Punctuation: Art, Politics, and Play

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Duke University Press, May 21, 2008 - Language Arts & Disciplines - 221 pages
In Punctuation: Art, Politics, and Play, Jennifer DeVere Brody places punctuation at center stage. She illuminates the performative aspects of dots, ellipses, hyphens, quotation marks, semicolons, colons, and exclamation points by considering them in relation to aesthetics and experimental art. Through her readings of texts and symbols ranging from style guides to digital art, from emoticons to dance pieces, Brody suggests that instead of always clarifying meaning, punctuation can sometimes open up space for interpretation, enabling writers and visual artists to interrogate and reformulate notions of life, death, art, and identity politics.

Brody provides a playful, erudite meditation on punctuation’s power to direct discourse and, consequently, to shape human subjectivity. Her analysis ranges from a consideration of typography as a mode for representing black subjectivity in Ralph Ellison’s Invisible Man to a reflection on hyphenation and identity politics in light of Strunk and White’s prediction that the hyphen would disappear from written English. Ultimately, Brody takes punctuation off the “stage of the page” to examine visual and performance artists’ experimentation with non-grammatical punctuation. She looks at different ways that punctuation performs as gesture in dances choreographed by Bill T. Jones, in the hybrid sculpture of Richard Artschwager, in the multimedia works of the Japanese artist Yayoi Kusama, and in Miranda July’s film Me and You and Everyone We Know. Brody concludes with a reflection on the future of punctuation in the digital era.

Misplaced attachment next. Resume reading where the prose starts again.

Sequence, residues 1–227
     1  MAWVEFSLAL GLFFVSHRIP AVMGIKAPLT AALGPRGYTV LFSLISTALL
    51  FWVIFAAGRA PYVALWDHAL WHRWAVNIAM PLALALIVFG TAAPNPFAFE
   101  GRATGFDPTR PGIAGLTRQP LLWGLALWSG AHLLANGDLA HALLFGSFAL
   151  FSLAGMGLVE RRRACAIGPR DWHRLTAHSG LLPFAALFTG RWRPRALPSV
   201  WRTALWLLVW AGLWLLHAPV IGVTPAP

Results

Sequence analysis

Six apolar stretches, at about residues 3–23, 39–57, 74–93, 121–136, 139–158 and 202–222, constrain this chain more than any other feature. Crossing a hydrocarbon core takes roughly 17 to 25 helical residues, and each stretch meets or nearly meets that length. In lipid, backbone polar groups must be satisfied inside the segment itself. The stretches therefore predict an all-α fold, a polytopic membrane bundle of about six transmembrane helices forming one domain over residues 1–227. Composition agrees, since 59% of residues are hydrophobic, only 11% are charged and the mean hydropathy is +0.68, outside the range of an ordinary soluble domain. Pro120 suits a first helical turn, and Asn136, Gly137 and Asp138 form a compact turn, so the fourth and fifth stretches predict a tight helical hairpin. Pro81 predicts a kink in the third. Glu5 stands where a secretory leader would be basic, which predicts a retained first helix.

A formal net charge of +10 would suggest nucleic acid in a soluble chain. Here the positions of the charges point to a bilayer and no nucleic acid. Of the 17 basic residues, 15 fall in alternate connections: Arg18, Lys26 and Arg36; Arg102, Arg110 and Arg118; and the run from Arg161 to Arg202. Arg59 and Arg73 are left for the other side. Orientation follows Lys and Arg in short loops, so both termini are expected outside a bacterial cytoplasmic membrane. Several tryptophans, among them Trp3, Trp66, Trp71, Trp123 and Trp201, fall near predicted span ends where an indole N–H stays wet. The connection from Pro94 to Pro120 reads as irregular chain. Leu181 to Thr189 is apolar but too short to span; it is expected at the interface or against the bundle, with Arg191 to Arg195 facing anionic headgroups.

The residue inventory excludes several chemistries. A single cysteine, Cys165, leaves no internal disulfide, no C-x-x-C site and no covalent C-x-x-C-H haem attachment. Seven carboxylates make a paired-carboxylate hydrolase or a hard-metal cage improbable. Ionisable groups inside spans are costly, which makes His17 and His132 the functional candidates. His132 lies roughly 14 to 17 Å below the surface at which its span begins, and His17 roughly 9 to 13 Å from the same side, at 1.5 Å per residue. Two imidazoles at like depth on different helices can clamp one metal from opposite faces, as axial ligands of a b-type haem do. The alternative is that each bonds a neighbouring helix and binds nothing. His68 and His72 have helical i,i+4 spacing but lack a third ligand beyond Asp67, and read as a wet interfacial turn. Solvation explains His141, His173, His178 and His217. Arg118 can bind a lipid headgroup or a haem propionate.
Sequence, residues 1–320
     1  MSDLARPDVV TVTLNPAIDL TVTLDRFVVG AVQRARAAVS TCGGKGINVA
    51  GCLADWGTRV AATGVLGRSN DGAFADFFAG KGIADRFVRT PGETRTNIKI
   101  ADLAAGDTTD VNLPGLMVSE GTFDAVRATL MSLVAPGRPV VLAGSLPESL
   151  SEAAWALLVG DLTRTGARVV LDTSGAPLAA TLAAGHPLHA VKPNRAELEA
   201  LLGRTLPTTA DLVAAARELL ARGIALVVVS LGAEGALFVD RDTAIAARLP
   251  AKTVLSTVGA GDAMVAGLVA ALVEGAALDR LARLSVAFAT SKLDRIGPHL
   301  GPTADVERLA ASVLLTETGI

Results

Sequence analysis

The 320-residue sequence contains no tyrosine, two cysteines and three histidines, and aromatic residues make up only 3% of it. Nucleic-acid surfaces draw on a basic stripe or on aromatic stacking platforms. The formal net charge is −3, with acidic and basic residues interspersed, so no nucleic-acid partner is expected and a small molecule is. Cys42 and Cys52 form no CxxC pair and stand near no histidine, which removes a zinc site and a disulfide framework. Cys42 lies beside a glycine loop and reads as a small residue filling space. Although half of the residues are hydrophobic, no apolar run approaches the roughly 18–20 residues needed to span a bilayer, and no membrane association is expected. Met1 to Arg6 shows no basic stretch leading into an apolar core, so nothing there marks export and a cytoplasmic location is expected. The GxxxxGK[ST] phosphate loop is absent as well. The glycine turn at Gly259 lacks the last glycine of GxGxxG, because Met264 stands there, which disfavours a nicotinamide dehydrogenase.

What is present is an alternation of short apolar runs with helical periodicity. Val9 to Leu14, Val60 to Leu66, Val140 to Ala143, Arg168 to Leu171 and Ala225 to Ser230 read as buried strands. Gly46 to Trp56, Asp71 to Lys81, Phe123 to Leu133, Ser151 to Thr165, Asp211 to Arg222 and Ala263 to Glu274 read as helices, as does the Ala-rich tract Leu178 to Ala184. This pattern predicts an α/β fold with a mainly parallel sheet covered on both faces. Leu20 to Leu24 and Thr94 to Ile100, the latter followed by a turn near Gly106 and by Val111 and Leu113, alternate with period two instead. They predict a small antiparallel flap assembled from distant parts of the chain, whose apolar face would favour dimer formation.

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Contents

Smutty Daubings
27
Belaboring the Point
62
HyphenNations
85
Queer Quotation Marks
108
Semerotcs Colonzatons Exclamatons
134
Cyberpunktuations?
156
Notes
169
Bibliography
191
Index
207
Copyright

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About the author (2008)

Jennifer DeVere Brody is Associate Professor of English, African American Studies, and Performance Studies at Northwestern University. She is the author of Impossible Purities: Blackness, Femininity, and Victorian Culture, also published by Duke University Press.

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